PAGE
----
One of the top three purposes of any business operation is to provide security to employees. This consists of financial reward, generating self-worth and creating an environment of maximum productivity. Every industry is hampered by outside forces that places restrictions or dampens the spirit of the employees. Before developing a policies and procedures manual, gain an understanding of the work environment. Learn about those outside forces and what squelches the human spirit to produce. As the human resources manager once you understand the work environment, you can better address policies and the procedures to allow those policies to maximize production.
I’ll site an example of outside forces dampening the human spirit in the workplace. One of my clients is a veterinarian. She told me the hardest part of her job is death. It isn’t the staff, it isn’t the facilities; it’s the animals that she treats that ultimately die. She explained to me that the life span of most dogs is around 14 – 17 years. She gets to know these animals over time, their likes, dislikes, the family members and the trust that forms as a bond between her, the family and the pet. She endures two to three deaths per week. Usually one of those she has treated many times over several years. It is emotionally devastating to her and to the staff.
As an owner of a small business, you need to fully understand your culture in the work place. To do this, follow these three steps:
Step One – Identify the Industry
You would think this is simple but it does get tricky. As an example, if you are in the medical industry, which part of this vast industry do you serve? Is it dental? Geriatric care? Medical rehabilitation? Each is different because the needs of the patient are different. The culture for mental health is vastly different than that of pediatrics or surgery. Although you can attach to an industry, break it down into the sub-components and place yourself in the correct section.
Step Two – List the Customer, Employee, and Vendor Types
By identifying the characteristics of the customer, employees, and vendors you will begin to see common threads that will bind this group. If your business is providing pre-school care, then the customer is the parents of the kids you will serve. But the work environment is the culture you build for kids. Preschool children want a positive safe environment where they can play and express themselves to adults that provide positive reinforcement for good behavior. These employees use proper methods to discipline and communicate with the parents of the children. The outside vendors coming into your workplace should have background checks done on them and they should demonstrate a professional demeanor while interacting with the children.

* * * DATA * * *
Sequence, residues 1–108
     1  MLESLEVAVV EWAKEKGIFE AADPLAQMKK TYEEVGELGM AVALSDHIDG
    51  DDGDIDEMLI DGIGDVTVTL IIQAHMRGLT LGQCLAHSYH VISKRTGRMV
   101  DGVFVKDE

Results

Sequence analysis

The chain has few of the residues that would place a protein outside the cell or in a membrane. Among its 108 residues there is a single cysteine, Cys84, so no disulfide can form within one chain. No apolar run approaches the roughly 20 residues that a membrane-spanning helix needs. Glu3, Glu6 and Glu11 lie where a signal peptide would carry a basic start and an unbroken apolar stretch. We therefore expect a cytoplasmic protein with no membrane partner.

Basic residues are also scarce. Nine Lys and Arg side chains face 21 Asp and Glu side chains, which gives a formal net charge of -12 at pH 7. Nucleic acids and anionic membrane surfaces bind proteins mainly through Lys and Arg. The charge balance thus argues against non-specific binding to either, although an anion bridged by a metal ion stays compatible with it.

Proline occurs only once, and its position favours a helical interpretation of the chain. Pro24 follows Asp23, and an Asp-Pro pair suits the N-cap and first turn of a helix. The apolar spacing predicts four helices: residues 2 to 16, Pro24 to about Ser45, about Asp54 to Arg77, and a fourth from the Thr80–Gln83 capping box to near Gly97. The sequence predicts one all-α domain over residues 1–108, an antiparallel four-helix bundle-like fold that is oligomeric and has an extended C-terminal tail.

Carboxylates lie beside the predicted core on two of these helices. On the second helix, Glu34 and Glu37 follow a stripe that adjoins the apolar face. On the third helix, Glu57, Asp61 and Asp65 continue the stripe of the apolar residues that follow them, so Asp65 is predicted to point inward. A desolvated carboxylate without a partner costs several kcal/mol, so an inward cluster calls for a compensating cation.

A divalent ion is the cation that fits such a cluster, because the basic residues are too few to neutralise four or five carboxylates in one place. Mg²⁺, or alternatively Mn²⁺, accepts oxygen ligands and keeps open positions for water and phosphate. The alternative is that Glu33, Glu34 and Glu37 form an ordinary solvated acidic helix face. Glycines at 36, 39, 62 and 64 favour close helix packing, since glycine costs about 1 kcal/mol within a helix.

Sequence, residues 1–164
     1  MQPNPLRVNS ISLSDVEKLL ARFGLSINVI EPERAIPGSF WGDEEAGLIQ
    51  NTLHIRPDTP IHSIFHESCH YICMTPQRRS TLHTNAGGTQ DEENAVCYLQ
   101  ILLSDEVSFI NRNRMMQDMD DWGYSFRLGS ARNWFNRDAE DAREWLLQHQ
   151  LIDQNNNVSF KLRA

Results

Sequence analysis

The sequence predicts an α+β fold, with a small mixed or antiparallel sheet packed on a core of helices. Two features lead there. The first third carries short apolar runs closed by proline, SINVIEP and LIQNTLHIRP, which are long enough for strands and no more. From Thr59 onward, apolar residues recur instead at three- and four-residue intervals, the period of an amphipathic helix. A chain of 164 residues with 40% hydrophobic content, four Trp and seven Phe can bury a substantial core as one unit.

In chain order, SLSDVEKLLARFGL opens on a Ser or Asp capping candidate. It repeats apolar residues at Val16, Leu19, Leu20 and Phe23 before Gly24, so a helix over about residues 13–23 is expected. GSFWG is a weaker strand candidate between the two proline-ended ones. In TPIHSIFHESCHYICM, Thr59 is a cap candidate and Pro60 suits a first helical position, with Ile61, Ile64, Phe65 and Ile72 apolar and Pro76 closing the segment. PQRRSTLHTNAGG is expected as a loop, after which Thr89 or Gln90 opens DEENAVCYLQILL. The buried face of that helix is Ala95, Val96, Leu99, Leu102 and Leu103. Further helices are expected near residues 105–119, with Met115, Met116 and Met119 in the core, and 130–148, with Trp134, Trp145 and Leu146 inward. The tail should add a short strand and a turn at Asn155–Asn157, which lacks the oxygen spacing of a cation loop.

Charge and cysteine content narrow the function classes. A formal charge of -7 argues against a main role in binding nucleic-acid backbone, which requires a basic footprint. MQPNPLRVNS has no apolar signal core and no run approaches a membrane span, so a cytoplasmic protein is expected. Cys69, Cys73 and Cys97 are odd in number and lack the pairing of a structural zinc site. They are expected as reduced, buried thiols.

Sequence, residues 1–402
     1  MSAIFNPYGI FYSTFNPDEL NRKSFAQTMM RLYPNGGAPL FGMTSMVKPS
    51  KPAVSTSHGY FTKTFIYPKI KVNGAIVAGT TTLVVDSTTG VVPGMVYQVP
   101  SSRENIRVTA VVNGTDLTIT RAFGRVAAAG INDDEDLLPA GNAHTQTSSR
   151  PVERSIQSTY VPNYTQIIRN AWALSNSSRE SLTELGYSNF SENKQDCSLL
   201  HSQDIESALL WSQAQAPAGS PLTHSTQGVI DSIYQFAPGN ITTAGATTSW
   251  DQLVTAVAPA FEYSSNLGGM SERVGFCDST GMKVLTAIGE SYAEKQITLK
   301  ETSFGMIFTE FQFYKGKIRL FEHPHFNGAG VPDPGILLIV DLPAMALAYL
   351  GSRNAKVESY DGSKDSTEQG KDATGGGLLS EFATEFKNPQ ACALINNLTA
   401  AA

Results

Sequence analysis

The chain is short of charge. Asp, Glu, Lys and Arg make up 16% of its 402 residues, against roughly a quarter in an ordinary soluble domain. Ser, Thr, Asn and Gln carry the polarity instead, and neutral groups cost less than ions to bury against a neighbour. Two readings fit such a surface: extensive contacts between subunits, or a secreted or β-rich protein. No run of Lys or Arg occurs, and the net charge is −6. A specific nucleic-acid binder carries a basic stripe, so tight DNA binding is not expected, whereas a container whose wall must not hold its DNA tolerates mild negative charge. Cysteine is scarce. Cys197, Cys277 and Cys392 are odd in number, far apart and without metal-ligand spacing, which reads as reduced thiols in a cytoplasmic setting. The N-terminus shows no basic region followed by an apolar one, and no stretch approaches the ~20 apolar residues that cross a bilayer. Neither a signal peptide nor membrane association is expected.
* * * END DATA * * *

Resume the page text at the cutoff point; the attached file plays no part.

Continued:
Step Three – Characterize the Environment
Now that you have identified the industry and listed the customer, employee and vendor types, you can characterize the environment. Select the best characteristics that will work well for your business. If the above dictates a professional well educated presentation, than your characteristics should include: high end facilities with a clean sanitary office and modern furniture, well dressed staff, respectful and excellent communication skills, a quiet and comfortable workplace. If you go out to the customer to render services in the home, then hire staff that work well alone. They should be able to work efficiently and quickly (if you charge by the hour, any form of idleness will be recognized by the customer). If in the construction industry, safety should be at the forefront of the characteristics of your environment. Recognize that in this industry, the sunshine and weather play a critical role in the work environment. Other characteristics to consider include:
Pace of Work
Complexity of the Product/Service
Educational background of the staff
Mixing of staff from different educational and cultural backgrounds
Danger of the products that you sell or the service rendered
Risks associated with errors made and the quality of the product delivered
There are many more, but the goal is to write the answers down on paper. Spend 20 to 30 hard minutes on this to really identify the characteristics of the work environment.
Now that you have identified the work environment, you can gain an understanding of the entire work place and its correlating outside forces. Spend another 30 minutes and document what you feel is the best overall work environment to succeed in your business. Include thoughts about humor, when is it and is it appropriate? What about dealing with emotions from the workers? If you hire young staff due to physical or pace issues, remember what is going to happen here. They have hormones and they are very active when humans are in their twenties. This will come out in the workplace, so this is a part of your environment. Think about how this affects productivity etc. From here you will be able to develop a policies and procedures manual. This series continues with the actual policies and procedures manual format and the respective chapters. Act on Knowledge.
If you have any comments or questions, e-mail me at dave (insert the usual ‘at’ symbol) businessecon.org. I would love to hear from you. If interested in my services as an accountant/consultant; click on ‘My Services‘ in the footer of this article.
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